(5)  Encrypt the output of step (3) using the Blowfish algorithm with the modified subkeys.
(6)  Replace P3 and P4 with the output of step (5).
(7)  Continue the process, replacing all elements of the P-array, and then all four S-boxes in order, with the output of the continuously changing Blowfish algorithm.

In total, 521 iterations are required to generate all required subkeys. Applications can store the subkeys—there’s no need to execute this derivation process multiple times.

Security of Blowfish

Serge Vaudenay examined Blowfish with known S-boxes and r rounds; a differential attack can recover the P-array with 28r + 1 chosen plaintexts [1568]. For certain weak keys that generate bad S-boxes (the odds of getting them randomly are 1 in 214), the same attack requires only 24r + 1 chosen plaintexts to recover the P-array. With unknown S-boxes this attack can detect whether a weak key is being used, but cannot determine what it is (neither the S-boxes nor the P-array). This attack only works against reduced-round variants; it is completely ineffective against 16-round Blowfish.

Of course, the discovery of weak keys is significant, even though they seem impossible to exploit. A weak key is one in which two entries for a given S-box are identical. There is no way to check for weak keys before doing the key expansion. If you are worried, you have to do the key expansion and check for identical S-box entries. I don’t think this is necessary, though.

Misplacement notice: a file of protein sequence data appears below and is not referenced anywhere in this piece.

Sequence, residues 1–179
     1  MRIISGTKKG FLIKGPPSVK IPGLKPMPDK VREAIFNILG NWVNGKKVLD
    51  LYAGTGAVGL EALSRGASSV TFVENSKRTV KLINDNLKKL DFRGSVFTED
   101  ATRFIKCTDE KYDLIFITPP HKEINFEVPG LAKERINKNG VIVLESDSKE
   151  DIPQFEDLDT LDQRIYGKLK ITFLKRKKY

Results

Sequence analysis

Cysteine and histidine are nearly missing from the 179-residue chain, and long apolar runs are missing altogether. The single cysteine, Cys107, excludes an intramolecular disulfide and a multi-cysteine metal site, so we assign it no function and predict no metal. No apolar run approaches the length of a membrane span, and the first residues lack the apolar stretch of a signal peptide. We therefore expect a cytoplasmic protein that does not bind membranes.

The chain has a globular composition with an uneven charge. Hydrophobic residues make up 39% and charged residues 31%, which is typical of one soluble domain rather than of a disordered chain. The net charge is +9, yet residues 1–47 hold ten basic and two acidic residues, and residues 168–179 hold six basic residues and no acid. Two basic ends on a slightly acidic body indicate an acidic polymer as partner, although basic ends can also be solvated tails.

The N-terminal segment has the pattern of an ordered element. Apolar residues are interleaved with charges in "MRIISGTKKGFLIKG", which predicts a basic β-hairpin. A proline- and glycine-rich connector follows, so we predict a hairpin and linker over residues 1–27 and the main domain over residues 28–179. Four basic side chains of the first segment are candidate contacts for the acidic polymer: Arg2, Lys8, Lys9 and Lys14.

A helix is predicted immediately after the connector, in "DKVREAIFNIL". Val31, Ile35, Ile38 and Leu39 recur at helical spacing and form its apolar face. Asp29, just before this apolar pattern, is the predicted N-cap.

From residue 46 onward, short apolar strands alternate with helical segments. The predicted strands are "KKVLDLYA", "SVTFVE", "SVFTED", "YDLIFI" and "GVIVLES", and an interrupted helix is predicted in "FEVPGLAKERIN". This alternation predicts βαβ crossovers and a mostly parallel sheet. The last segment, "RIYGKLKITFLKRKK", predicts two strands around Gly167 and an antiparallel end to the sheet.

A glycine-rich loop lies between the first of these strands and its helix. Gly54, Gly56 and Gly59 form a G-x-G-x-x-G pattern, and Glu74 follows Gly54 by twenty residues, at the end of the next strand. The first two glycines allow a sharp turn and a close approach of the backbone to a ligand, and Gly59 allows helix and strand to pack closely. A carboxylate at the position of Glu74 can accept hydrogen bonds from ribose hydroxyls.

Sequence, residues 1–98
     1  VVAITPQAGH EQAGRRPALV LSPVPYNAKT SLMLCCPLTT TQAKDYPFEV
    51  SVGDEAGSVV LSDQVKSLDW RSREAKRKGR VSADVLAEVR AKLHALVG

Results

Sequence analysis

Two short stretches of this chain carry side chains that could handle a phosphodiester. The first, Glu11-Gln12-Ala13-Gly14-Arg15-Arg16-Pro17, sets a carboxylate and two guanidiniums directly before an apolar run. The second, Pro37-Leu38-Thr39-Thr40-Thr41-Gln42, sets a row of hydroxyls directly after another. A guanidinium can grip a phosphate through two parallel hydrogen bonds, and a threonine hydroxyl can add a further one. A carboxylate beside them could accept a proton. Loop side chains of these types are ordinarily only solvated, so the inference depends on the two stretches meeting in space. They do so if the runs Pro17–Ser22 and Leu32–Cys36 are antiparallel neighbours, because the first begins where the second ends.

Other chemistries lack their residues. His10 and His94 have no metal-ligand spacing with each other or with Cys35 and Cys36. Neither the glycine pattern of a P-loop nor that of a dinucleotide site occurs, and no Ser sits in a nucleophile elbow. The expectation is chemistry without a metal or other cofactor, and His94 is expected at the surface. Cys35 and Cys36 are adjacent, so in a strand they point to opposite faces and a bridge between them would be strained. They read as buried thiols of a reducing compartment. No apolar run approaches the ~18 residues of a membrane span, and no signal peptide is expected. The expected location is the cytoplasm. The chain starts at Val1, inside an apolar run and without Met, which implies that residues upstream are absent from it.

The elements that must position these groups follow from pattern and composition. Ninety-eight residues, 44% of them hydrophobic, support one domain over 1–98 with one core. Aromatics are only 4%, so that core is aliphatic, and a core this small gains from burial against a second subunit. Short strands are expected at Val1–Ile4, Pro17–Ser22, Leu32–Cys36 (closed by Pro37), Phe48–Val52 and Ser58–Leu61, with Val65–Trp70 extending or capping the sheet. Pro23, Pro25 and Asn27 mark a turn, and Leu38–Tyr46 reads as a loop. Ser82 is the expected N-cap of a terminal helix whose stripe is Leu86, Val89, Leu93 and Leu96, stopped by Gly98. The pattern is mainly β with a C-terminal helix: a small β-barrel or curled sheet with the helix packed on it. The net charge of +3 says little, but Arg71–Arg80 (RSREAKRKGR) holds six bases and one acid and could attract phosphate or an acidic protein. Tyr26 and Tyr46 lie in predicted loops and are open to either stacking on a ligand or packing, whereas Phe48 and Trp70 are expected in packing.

I know of no successful cryptanalysis against Blowfish. To be safe, do not implement Blowfish with a reduced number of rounds.

Kent Marsh Ltd. has incorporated Blowfish in their FolderBolt security product for Microsoft Windows and Macintosh. It is also part of Nautilus and PGPfone.

14.4 SAFER

SAFER K-64 stands for Secure And Fast Encryption Routine with a Key of 64 bits [1009]. James Massey produced this nonproprietary algorithm for Cylink Corp. and it is incorporated into some of their products. The government of Singapore is planning to use this algorithm—with a 128-bit key [1010]—for a wide variety of applications. There are no patent, copyright, or other restrictions on its use.

The algorithm has a block and key size of 64 bits. It is not a Feistel network like DES (see Section 14.10), but an iterated block cipher: The same function is applied for some number of rounds. Each round uses two 64-bit subkeys, and the algorithm only uses operations on bytes.

Description of SAFER K-64

The plaintext block is divided into eight byte-length sub-blocks: B1, B2,..., B7, B8. Then the sub-blocks go through r rounds. Finally, an output transformation is applied to the sub-blocks. Each round uses two subkeys: K2i - 1 and K2i.

Figure 14.4 shows one round of SAFER K-64. First, sub-blocks are either XORed or added with bytes of subkey K2i - 1. Then, the eight sub-blocks are subjected to one of two nonlinear transformations:

y = 45x mod 257. (If x = 128, then y = 0.)
y = log45 x. (If x = 0, then y = 128.)